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Burnt Hills alive with the sound of music

Burnt Hills alive with the sound of music

'We wanted to honor the Armistice that ended World War I, and we also wanted to honor veterans and military personnel in this area'
Burnt Hills alive with the sound of music
The Burnt Hills Oratorio Society performs at Skidmore College in 2016. Inset: William Jon Gray and Ann Derrick.
Photographer: Steven Emerich

William Jon Gray enjoyed all the musical options available to him growing up in the Albany area in the 1960s, but there was only one genre that really stirred his soul.

"I was a classical music geek in high school," said Gray, a Delmar native and 1973 graduate of Bethlehem Central. "I liked the Beatles, the Stones, Elvis, but when I was a teenager I became totally immersed into classical music and the great composers of the 20th century. That was the music that really fascinated me."

When he took over as director of the Burnt Hills Oratorio Society in January of 2016, Gray found a group of like-minded individuals who shared a deep love for choral music. That group of about 70 singers, a 27-piece orchestra, and the award-winning Burnt Hills High School Concert Choir will join forces today (Oct. 28) at 4 p.m. for a performance at the Immaculate Conception Church in Glenville celebrating the 100th anniversary of the Armistice that ended World War I. "A Concert for Peace," which will also serve as a fundraiser for the Veterans and Community Housing Coalition, opens the Oratorio Society's 48th season.

"We wanted to honor the Armistice that ended World War I, and we also wanted to honor veterans and military personnel in this area," said Gray. "When I looked around the internet at all the annual concerts they have in Europe, where they call it Remembrance Day, all the classical musical organizations put together a concert featuring music and composers that would be appropriate for such an occasion. I also drew inspiration from a concert in Washington D.C. in 1973 when Leonard Bernstein conducted Haydn's 'Mass in Time of War.' It was powerful, and it was during the Vietnam War, but it honored military service while also having a theme of peace."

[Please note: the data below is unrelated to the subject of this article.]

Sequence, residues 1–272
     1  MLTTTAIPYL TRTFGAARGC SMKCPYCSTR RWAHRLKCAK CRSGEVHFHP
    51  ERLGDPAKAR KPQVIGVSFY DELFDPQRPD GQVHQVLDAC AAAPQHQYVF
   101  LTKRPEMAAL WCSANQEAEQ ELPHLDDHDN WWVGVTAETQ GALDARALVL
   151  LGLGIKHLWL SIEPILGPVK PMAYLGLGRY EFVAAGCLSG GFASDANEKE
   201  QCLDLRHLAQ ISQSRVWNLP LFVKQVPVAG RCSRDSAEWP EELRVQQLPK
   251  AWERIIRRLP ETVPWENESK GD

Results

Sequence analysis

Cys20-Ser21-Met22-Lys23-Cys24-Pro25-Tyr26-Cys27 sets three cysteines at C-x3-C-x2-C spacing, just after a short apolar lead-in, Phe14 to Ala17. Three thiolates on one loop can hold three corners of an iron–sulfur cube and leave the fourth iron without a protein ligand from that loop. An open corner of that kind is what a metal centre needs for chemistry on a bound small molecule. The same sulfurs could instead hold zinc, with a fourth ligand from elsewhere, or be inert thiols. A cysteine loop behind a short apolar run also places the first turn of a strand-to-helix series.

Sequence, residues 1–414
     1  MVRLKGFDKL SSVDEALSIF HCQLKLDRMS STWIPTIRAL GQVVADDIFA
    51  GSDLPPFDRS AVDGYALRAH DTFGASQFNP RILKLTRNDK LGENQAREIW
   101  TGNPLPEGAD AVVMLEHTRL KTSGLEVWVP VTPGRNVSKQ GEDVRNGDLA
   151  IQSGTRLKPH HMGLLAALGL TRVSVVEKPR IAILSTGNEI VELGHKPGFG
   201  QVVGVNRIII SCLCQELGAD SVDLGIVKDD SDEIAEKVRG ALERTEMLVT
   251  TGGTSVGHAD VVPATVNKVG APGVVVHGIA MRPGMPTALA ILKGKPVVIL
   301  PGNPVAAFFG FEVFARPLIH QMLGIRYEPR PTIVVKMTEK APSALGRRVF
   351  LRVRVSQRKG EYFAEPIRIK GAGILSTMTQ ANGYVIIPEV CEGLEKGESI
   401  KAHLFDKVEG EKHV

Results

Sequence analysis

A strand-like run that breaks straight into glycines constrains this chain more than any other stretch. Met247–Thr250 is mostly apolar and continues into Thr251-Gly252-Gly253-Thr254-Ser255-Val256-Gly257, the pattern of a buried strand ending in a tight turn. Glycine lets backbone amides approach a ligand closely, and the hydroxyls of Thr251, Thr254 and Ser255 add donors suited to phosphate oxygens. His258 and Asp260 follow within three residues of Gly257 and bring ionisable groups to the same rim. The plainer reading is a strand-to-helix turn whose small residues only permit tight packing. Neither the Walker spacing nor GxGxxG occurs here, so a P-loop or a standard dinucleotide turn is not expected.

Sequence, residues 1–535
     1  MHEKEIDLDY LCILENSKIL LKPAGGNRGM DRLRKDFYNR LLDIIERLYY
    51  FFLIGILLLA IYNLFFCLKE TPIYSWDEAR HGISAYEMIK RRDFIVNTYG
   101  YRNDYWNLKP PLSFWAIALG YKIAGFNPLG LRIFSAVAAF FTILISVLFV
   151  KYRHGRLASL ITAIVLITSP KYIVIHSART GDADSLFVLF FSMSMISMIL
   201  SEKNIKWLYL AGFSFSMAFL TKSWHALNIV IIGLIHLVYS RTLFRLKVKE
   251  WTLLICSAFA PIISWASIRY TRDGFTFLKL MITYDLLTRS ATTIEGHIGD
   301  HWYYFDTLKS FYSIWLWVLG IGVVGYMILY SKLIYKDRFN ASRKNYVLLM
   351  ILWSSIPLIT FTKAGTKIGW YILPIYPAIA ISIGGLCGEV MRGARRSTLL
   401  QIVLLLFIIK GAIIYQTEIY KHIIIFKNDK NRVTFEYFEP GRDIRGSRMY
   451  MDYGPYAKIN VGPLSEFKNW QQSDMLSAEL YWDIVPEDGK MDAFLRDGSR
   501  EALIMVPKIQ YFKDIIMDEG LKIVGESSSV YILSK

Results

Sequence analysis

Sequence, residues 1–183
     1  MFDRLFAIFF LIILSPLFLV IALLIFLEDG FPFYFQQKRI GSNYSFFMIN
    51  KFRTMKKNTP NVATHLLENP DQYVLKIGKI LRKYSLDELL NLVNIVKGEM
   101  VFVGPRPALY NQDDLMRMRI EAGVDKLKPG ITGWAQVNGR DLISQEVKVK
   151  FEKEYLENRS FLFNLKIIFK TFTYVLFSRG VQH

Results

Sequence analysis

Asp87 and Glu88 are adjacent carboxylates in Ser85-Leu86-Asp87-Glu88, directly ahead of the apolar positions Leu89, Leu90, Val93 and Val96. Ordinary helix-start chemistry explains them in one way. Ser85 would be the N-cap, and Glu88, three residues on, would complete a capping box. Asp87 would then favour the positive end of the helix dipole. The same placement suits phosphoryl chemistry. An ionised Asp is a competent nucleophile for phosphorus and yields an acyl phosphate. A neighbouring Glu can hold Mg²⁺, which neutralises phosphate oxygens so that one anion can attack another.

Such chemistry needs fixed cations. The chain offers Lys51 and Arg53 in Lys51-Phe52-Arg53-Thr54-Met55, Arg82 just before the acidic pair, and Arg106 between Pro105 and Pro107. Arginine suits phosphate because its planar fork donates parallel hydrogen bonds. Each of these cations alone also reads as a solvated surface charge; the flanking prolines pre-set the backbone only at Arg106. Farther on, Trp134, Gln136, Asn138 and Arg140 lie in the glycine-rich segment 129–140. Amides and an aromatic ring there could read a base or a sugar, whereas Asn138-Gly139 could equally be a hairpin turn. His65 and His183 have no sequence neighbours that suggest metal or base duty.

Haydn's "Mass in Time of War," composed in 1796, will be one of the major works performed Sunday, while also included in the program is "In Flanders Field," based on a popular World War I poem by John McCrae. Both the BHOS and the Burnt Hills High Concert Choir will open the event by singing the national anthem. Directed by Ann Derrick, the BH Concert Choir, consisting of around 60 students between grades 10 and 12, finished first in a team competition at the Toronto Music Festival in May earlier this year.

Gray said the inclusion of the high school group into Sunday's concert wasn't an attempt by him to recruit singers later in life. He just enjoys being connected to any talented singing group.

"I really enjoy doing what I can to draw attention to the very high-quality program they have there at Burnt Hills," said Gray. "Ann Derrick does a great job, the choral program is first rate, as is the instrumental department, and if I can help them get some very well deserved attention I'll do it."

Teachers like Derrick, according to Gray, are a huge part of any school program's success.